Patients with chronic hepatitis C virus (HCV) infection show an increased incidence of nervous system disorders such as chronic fatigue syndrome, depression and cognitive dysfunction. It is unclear whether this is because of HCV replication in the brain and in peripheral neuronal cells or to more indirect effects of HCV infection on the central or peripheral nervous system. The aim of this study was to investigate whether cells originating from these tissues are permissive for HCV cell entry, RNA replication and virus assembly. Among eight cell lines analysed, the human peripheral neuroblastoma cell line SKNMC expressed all HCV entry factors and was efficiently infected with HCV pseudoparticles (HCVpp) independent of the HCV genotype. All remaining cell types including human neuroblastoma and glioblastoma cell lines and microglial cells lacked expression of at least one host factor essential for HCV entry. When transfected with HCV luciferase reporter virus RNA, inoculated with HCV reporter viruses or challenged with high-titre cell culture-derived HCV, none of these cells supported detectable HCV RNA replication. Thus, in conclusion, this comprehensive screening did not reveal evidence directly strengthening the notion that HCV enters and replicates in the central nervous system. However, productive viral entry into the peripheral neuroblastoma cell line SKNMC indicates that HCV may penetrate into certain nonhepatic cell types which may serve as viral reservoirs and could modulate viral pathogenesis.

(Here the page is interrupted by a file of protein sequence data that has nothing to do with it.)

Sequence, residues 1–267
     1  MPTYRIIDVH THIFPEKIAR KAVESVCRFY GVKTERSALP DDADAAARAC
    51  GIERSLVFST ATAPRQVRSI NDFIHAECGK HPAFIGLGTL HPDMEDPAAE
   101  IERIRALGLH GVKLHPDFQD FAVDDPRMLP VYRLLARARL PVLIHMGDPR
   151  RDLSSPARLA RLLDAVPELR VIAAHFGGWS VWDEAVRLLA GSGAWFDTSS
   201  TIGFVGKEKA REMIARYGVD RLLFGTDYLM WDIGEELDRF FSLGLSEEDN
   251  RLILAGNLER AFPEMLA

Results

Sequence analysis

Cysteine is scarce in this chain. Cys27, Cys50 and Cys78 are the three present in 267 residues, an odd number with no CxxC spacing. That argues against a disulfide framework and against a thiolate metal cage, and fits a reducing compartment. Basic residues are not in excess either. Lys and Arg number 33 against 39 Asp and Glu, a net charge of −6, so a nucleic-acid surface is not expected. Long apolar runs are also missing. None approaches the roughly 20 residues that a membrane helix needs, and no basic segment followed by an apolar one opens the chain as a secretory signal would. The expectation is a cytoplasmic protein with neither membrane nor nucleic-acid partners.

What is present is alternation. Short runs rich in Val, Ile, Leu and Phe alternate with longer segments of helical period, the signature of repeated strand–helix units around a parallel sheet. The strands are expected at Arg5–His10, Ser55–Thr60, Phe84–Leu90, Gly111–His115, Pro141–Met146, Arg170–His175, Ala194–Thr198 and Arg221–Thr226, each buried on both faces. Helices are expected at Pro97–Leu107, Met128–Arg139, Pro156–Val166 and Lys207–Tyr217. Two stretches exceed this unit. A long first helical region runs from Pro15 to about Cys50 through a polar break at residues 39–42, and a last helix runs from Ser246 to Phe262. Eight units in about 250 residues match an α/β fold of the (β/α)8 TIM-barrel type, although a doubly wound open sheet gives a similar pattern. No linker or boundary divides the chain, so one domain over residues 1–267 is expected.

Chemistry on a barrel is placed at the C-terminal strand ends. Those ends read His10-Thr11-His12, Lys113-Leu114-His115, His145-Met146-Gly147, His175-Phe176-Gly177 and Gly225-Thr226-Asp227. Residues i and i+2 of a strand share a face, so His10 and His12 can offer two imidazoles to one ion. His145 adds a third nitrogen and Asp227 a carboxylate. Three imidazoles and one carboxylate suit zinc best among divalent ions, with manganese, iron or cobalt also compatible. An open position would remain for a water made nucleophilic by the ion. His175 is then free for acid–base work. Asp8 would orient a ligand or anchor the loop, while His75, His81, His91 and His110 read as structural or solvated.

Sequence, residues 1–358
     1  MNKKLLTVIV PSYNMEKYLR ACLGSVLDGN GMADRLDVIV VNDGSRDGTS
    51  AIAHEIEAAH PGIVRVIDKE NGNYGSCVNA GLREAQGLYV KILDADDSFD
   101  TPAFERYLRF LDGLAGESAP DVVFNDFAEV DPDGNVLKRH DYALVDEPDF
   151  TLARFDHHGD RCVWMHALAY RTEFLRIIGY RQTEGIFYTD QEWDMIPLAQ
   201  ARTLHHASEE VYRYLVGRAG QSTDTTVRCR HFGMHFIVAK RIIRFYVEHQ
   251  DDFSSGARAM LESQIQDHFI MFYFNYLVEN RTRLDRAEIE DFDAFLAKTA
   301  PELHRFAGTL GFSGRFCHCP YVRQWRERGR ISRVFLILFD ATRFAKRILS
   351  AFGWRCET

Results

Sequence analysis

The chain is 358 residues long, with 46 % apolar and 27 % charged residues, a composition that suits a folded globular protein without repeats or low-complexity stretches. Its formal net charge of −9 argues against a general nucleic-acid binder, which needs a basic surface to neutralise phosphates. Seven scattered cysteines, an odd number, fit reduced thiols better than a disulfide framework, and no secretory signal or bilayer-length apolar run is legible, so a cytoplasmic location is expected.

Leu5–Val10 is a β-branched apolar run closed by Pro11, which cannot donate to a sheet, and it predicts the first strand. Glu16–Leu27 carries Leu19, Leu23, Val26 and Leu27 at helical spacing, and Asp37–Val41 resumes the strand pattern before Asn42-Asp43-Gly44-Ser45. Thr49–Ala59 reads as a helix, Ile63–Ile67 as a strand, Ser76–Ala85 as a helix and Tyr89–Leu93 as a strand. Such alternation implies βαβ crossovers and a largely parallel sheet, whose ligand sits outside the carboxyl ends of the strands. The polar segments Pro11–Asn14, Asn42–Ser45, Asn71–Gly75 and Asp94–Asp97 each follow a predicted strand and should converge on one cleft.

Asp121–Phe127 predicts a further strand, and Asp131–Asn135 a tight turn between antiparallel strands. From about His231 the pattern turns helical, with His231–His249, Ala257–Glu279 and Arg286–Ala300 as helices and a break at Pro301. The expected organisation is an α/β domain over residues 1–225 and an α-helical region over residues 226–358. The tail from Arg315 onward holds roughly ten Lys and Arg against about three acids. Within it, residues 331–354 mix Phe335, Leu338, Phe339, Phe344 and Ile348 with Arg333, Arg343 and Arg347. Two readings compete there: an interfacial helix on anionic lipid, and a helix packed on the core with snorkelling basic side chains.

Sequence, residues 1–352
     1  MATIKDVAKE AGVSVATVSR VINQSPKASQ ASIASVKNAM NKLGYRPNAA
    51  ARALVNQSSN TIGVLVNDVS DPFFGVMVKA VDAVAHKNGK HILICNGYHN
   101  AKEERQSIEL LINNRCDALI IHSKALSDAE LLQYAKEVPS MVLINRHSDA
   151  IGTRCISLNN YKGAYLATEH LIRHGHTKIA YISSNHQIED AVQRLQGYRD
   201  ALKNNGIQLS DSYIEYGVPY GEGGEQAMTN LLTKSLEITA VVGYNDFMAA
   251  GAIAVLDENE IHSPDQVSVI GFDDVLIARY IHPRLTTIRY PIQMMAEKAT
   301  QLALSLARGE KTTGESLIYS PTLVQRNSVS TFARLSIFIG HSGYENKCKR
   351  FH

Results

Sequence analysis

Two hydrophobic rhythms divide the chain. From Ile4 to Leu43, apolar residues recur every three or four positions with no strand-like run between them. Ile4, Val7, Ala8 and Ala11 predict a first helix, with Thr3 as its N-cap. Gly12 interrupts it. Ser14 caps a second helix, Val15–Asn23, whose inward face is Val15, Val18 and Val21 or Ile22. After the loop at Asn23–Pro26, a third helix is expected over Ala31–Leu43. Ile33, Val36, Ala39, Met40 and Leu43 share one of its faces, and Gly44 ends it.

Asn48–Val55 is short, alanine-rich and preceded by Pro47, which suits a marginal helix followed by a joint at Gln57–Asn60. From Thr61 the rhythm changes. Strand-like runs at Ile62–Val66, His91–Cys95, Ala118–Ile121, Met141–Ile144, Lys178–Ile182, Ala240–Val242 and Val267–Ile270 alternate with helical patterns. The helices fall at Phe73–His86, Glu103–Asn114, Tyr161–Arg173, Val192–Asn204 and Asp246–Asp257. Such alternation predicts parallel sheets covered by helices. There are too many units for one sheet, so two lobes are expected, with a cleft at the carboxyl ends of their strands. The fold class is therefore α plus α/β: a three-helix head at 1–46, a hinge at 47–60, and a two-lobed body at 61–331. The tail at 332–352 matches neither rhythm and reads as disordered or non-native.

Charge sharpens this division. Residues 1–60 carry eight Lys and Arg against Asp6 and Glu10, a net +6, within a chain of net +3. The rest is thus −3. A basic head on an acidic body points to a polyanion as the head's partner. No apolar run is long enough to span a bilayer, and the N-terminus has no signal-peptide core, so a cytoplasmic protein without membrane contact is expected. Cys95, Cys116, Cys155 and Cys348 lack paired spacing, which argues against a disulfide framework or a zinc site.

© 2010 Blackwell Publishing Ltd.